The News of the World hired a former policeman to covertly track more than 100 people, including Prince William and others connected to the royal family.
“They didn’t rumble me. They had no idea,” said Webb, who claimed his own “expertise,” which included training from MI5, allowed him to trail subjects who were “not aware that they were being followed.”
“This happened on quite a few occasions,” he said, “and I was able to realize then which royal protection officers were with which royal party.”
Webb tailed Prince William in 2006 when he and Kate Middleton were visiting Prince Charles’ home in Gloucestershire.
“Prince William came out with Kate followed by the royal protection vehicle,” Webb told Newsnight. “I followed the royal protection vehicle, knowing full well they were in front, and they ended up at Duchy Farm. The royal protection then peeled off, and I followed the royal protection around, knowing full well they’d go back there.”
Webb said that a News of the World journalist also asked him to get information about Prince Harry’s former girlfriend.
“He would ask me to go to Heathrow Airport to follow Chelsy Davy,” he said. “On a number of occasions she would be picked up and they would either go to Clarence House or she would go to an address out in Oxfordshire. And then I’d be monitoring them to see whether anything developed further.”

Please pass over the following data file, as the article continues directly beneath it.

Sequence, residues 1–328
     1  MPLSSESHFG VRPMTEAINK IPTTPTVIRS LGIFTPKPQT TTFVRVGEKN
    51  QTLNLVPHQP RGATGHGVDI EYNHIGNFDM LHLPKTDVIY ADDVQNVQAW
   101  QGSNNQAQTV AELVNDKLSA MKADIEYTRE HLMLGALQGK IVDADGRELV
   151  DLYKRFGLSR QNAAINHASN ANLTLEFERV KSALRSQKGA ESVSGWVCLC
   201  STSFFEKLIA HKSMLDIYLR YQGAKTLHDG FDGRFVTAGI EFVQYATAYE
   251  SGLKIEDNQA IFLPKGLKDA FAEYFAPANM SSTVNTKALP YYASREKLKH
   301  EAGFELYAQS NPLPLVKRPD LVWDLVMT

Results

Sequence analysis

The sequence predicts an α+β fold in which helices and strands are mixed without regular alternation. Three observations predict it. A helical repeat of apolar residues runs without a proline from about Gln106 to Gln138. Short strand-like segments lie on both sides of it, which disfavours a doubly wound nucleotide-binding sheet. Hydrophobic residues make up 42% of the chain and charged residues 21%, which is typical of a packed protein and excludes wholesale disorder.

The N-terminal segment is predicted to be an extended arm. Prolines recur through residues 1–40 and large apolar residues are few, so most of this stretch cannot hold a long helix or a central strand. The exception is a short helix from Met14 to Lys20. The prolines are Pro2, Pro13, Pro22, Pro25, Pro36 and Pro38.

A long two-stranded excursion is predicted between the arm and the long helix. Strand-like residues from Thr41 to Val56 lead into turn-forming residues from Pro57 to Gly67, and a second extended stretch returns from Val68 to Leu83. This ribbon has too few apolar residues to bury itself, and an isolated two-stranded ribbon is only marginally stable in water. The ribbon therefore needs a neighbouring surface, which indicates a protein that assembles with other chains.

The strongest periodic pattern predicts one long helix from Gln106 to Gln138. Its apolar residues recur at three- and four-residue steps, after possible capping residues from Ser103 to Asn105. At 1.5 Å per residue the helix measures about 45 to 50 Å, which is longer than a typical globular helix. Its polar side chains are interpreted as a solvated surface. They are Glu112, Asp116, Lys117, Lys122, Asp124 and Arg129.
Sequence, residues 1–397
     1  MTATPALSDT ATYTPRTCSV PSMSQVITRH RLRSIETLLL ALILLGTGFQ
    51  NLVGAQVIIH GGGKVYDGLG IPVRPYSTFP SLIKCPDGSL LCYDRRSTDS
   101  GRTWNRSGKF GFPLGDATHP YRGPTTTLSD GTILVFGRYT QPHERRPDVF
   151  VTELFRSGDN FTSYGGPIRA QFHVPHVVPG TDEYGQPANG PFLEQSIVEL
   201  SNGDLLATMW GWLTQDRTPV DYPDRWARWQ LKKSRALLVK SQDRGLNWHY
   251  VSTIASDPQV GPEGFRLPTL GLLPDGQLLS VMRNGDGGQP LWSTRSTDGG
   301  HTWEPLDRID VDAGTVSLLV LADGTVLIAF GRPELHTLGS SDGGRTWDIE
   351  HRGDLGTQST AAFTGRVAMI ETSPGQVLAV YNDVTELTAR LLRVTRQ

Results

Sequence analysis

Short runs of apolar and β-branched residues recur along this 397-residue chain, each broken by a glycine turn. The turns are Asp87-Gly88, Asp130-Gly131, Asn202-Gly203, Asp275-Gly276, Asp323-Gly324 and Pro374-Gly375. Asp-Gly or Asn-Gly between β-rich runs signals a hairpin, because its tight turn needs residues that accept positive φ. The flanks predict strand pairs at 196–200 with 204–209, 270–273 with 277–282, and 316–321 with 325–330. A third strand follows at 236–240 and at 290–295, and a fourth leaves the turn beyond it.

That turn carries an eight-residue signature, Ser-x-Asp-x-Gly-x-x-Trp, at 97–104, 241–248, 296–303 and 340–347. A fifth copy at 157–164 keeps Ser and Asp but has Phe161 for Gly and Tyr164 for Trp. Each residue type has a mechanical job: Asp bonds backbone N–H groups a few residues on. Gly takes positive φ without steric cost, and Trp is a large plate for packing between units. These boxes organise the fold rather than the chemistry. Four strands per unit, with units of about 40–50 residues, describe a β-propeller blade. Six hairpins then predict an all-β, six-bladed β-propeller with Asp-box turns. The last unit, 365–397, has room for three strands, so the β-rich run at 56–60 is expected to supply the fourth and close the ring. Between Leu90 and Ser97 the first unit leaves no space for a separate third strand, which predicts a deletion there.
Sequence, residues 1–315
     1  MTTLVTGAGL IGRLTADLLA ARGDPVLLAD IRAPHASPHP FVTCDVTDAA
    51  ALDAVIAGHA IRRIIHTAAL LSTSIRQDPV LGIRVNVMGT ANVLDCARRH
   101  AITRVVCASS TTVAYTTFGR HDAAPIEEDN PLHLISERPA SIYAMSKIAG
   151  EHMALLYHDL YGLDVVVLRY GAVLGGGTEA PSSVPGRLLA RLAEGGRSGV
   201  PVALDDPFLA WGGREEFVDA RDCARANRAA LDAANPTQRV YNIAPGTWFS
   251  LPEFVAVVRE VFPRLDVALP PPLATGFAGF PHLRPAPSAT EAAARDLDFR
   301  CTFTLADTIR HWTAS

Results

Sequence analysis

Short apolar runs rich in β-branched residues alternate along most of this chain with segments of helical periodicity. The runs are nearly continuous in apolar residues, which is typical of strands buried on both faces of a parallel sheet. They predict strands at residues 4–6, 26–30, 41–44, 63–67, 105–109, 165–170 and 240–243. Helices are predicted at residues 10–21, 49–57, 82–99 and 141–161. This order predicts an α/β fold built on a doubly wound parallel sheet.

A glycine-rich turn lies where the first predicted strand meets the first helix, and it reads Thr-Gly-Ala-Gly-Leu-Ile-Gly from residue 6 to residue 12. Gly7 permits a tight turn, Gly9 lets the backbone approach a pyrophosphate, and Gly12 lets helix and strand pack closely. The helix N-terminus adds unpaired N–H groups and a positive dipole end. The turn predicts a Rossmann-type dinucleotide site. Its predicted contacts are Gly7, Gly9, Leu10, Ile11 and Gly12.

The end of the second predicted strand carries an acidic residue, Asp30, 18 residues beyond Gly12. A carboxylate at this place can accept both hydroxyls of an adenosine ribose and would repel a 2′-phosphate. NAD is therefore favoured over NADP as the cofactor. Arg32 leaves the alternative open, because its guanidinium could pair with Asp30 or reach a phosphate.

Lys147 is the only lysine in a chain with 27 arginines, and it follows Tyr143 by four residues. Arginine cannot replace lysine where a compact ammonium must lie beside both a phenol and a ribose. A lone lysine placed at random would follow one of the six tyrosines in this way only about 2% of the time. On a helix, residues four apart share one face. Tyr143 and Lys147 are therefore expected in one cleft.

Webb said that he was given assignments by many News of the World reporters, including royal correspondent Clive Goodman, who was imprisoned in 2007 for phone hacking. But Webb insists he just followed up on leads and assignments he was given and that he never did anything illegal.
“I’ve never hacked a phone myself,” he said.
The list of his targets was huge, said the Newsnight’s Richard Watson, and, in addition to royals, included celebrities such as Paul McCartney, Simon Cowell and Angelina Jolie as well as politicians, including Lord Peter Goldsmith, then Britain’s attorney general.
At one point, Webb was even tasked with following the parents of Harry Potter star Daniel Radcliffe.
A News International spokesman would not comment on the latest allegations about the tabloid, which was shut down earlier this year amid the phone hacking allegations.
News Corp. chairman Rupert Murdoch and his son James, head of the company’s international division, testified before a parliamentary committee in July and denied knowledge of rampant phone hacking, but British lawmakers were skeptical of the testimony.
James Murdoch has been recalled to answer further questions from members of parliament on Thursday.
There have been previous reports of investigations into whether members of the royal family and their circle were the targets of phone hacking.